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Old 02-19-2008, 11:12 AM
28,900 posts, read 49,208,563 times
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Here's a fun speculative thread. Pick a civilization on the dustheap of history (The Aztecs, the Incas, the Khmers, whoever), and assume that they avoided conquest and survived to the present day. What do you think the world would be like? Write a fun scenario.

Here's an example:

The Romans. Instead of splitting into the Western and Eastern Roman Empires, the Romans instead maintained a unified political entity. Marcus Aurelius decides to give the Roman Senate more power, thereby restoring the Republic. Roman innovation begins developing more and more technology, thereby leading to more productivity in commerce, along with a more commanding military advantage, especially over the German tribes. Over time, the Roman Empire expands to the borders of present day Russia.

With the Roman presence in Egypt, trade begins to strengthen between Rome and the Orient. Roman colonies ring the Indian ocean and the coast of Africa. An industrial revolution takes place in the 600s. Eventually the Roman Empire breaks up into a Commonwealth including North Africa/Arabia, Southern Europe, Spain and Gaul, Germany, Byzantium, Mesopotamia, and Dacia.
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Old 02-19-2008, 12:35 PM
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The Ottoman Empire, after their capture of Constantinople ,so traumatized Western Europe,that Vienna,too, eventually fell ,and the further conquests of Persia, Hungary, the Balkans, the Mediterranean, led to the taking of most of Western Europe. They instituted many reforms and placed education above religion.They produced many strong leaders who were able to establish highly effective governments. By using the sea routes they gained from Portugal after they took Spain, they went not only to the East, but also to the Americas, where they established bases in Brazil. From there they moved North and eventually took over North America.
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Old 02-19-2008, 02:42 PM
Location: Tolland County- Northeastern CT
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The Roman empire & Republic was in the end a failed effort- as the OP suggests here. Its long reign not withstanding-

Perhaps it is an example of what might have been for all civilizations.
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Old 02-20-2008, 05:40 AM
Location: Mississippi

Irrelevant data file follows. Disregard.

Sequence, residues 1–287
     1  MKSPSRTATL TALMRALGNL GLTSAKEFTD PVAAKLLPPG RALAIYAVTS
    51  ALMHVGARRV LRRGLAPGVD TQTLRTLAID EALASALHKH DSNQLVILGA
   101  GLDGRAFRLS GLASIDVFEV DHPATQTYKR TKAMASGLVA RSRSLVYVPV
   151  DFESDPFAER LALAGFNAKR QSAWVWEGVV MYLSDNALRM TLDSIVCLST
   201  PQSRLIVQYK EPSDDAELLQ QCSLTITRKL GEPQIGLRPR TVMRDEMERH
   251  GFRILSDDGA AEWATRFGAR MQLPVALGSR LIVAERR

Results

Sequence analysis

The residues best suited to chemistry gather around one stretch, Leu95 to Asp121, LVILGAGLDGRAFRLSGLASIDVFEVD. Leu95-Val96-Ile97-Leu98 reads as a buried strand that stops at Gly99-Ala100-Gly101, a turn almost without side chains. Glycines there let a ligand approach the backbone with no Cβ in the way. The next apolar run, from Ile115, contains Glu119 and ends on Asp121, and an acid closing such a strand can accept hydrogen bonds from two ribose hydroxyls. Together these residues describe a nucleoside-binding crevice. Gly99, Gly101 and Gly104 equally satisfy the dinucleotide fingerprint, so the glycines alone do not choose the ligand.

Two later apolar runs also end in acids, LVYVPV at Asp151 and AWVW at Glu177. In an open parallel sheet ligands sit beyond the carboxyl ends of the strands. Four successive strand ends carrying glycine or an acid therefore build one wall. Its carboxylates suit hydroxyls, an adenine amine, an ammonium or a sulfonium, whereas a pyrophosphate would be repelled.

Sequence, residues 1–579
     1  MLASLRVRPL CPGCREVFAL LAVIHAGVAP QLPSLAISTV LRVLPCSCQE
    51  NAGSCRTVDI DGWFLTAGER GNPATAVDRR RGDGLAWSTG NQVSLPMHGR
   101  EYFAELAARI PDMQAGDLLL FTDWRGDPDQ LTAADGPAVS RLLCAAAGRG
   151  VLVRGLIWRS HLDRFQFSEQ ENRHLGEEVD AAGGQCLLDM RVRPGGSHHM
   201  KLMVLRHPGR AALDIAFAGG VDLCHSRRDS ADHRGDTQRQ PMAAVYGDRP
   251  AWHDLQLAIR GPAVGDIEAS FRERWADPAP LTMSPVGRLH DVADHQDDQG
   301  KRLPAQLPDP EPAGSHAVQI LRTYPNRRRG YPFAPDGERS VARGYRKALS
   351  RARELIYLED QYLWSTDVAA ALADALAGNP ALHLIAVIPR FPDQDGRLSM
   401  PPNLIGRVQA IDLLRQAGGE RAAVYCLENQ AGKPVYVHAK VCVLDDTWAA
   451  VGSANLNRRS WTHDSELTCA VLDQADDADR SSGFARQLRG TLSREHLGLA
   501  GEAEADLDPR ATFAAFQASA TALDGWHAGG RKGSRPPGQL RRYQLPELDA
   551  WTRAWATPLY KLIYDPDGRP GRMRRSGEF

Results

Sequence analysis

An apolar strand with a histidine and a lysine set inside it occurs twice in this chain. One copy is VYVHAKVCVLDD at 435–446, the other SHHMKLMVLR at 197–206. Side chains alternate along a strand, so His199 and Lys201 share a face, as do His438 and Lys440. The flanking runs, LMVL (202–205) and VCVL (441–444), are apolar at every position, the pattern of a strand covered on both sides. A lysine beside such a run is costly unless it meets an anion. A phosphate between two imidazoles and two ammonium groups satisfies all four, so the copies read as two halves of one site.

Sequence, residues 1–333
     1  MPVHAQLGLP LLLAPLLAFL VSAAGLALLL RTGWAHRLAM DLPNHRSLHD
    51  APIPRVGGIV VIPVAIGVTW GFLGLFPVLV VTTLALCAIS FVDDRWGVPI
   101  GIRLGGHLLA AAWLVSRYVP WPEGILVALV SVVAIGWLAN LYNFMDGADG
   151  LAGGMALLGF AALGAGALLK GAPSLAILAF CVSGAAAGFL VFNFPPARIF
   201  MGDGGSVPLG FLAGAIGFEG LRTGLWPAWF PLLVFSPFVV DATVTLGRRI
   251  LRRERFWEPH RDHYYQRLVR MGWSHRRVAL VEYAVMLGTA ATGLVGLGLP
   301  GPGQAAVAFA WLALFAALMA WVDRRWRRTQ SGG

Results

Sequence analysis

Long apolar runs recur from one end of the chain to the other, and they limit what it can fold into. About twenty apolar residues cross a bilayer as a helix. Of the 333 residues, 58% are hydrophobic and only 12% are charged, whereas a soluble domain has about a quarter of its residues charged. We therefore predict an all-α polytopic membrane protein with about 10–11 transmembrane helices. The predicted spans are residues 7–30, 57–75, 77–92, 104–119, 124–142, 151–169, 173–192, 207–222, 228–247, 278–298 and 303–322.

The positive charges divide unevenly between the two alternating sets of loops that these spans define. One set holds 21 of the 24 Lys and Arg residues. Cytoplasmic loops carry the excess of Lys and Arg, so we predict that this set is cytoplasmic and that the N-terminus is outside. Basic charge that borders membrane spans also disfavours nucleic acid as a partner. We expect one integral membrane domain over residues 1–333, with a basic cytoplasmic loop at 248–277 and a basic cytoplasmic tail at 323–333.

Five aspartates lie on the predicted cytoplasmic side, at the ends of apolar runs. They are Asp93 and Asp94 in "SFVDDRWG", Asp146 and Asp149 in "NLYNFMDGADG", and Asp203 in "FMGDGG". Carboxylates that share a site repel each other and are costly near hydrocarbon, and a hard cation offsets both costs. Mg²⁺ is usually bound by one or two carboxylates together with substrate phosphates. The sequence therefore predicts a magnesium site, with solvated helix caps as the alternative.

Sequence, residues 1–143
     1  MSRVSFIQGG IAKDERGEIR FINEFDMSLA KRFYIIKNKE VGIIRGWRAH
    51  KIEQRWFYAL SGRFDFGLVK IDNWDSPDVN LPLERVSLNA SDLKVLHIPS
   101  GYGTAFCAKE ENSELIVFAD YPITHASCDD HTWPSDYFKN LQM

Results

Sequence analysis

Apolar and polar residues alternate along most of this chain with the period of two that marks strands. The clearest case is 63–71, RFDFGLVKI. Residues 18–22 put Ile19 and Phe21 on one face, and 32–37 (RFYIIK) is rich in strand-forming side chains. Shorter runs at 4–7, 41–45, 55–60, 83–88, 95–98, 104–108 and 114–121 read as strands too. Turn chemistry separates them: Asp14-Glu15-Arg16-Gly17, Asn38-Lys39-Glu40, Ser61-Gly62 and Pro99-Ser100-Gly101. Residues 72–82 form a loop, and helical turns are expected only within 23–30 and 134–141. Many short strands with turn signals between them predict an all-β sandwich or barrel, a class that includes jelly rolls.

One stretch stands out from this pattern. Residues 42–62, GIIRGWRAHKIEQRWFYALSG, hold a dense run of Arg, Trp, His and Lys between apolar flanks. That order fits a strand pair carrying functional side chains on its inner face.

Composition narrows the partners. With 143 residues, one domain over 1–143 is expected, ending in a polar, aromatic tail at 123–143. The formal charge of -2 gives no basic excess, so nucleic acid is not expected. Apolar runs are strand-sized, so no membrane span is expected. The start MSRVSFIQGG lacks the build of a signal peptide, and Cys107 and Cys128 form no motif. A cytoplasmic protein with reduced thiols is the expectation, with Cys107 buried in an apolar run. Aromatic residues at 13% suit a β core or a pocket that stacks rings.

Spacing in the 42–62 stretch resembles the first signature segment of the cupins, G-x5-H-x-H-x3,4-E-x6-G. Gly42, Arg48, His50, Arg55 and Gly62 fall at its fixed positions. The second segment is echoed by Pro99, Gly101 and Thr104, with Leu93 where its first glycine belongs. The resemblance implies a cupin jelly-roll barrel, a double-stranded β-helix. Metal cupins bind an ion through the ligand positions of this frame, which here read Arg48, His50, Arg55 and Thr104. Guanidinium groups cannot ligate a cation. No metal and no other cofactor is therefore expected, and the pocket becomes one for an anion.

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Wow the OP's version sounds a lot like another present day country that seems to have extended it's borders a little too far....

OK, my turn but I'll put it in a different context...

In 1864, the Confederacy leads a massive charge againt the Union Armies led by General Lee. They manage to overthrow enormous Union strongholds and battle their way to victory.

Lincoln is never assassinated but tried as a war criminal and hanged for 'war crimes'. The Emancipation Proclamation is overturned, the South eventually retracts itself from the Union and proclaims itself as its' own sovereign territory. As a result, slavery continues to rampantly dominate Southern plantations and eventually workplaces to include factories.

As part of a bitter trade embargo imposed by the Union over the slavery in the newly ceded South, another war breaks out. The South, confident in its' prior victories over the North re-attacks in hopes of not only conquering the North but making it a part of it's own "Confederacy".

In the end, the United States of America becomes a bitter civil-war torn country divided over the very same things that started the first war. Through a multitude of thousands upon millions of deaths, starvation, and poverty, both sides crumble and fall. The war has brought nothing but despair and poverty for a once promising nation.

In the end, the U.S, or what was once left of it, never enters World War I or World War II. Both Stalin and Hitler's armies become alliances instead of enemies. Brutal totalitarian communist and socialist regimes dominate Europe and execute many millions more throughout Asia and North Africa. Japan completes its' conquest of the Pacific and conquers much of the Western U.S. and the Russo/German alliance moves onwards into the eastern U.S. to capture what is left of the war torn country.